FIG. 4.

(a) Schematic structure illustration of different AlN templates (Sample A and B) and buffer layers. (Sample C and D) (b)The transmission and absorption spectrum of sample A and sample B in ultraviolet region. (c) Auger electron spectroscopy results of sample C and sample D.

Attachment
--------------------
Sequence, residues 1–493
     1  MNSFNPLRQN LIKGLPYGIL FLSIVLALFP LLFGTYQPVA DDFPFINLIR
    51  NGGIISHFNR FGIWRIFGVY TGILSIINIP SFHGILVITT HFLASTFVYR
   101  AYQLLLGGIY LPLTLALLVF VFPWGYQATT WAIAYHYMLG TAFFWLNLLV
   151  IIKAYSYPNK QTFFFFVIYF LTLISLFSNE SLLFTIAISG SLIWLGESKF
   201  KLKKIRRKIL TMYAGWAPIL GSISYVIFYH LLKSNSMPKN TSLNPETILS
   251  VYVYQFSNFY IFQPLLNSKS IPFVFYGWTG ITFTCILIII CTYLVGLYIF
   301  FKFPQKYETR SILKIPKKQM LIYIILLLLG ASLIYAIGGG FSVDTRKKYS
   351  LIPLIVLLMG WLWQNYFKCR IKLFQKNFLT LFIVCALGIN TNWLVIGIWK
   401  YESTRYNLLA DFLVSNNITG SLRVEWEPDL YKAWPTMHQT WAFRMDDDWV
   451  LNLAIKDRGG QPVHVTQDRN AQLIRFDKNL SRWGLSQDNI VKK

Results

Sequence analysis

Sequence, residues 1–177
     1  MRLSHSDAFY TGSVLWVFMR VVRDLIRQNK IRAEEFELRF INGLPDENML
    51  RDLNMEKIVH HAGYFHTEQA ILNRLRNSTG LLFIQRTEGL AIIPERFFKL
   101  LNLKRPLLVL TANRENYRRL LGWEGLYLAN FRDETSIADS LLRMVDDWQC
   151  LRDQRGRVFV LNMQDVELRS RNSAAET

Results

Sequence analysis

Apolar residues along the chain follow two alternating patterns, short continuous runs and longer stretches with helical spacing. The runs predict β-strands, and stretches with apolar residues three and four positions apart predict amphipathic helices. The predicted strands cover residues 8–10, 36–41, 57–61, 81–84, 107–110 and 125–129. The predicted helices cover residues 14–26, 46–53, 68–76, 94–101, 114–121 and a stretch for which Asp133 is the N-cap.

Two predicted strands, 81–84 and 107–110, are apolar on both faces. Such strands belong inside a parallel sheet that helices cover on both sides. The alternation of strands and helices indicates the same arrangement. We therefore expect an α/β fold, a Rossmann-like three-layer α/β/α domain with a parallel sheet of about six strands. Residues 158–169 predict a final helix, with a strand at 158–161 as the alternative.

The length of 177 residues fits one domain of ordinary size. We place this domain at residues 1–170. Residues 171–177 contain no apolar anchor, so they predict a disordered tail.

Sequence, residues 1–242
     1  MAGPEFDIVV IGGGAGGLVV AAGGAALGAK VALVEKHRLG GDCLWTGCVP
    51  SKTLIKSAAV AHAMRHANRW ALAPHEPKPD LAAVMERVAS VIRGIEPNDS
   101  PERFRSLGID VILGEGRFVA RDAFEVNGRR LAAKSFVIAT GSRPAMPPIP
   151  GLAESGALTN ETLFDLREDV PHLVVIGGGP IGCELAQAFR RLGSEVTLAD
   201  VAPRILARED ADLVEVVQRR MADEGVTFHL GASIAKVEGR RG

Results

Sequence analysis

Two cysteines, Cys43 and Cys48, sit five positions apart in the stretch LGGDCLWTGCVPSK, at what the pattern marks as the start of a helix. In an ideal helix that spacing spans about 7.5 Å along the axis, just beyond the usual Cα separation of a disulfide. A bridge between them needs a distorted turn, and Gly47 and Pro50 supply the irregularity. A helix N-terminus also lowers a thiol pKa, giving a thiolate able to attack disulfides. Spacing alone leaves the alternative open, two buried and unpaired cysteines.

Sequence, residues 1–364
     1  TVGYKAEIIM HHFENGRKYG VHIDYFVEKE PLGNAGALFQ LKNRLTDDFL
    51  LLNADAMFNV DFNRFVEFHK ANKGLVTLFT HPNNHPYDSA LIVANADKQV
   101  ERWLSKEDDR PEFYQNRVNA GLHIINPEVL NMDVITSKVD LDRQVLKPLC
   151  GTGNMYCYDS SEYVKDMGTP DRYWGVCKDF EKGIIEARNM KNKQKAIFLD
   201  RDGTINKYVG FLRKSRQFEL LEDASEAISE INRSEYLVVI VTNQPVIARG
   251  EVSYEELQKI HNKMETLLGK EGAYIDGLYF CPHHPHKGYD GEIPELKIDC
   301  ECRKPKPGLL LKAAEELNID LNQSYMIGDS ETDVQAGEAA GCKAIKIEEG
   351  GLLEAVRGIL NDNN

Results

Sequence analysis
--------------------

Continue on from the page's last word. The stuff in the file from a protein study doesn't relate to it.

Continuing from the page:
FIG. 4.

(a) Schematic structure illustration of different AlN templates (Sample A and B) and buffer layers. (Sample C and D) (b)The transmission and absorption spectrum of sample A and sample B in ultraviolet region. (c) Auger electron spectroscopy results of sample C and sample D.

Close modal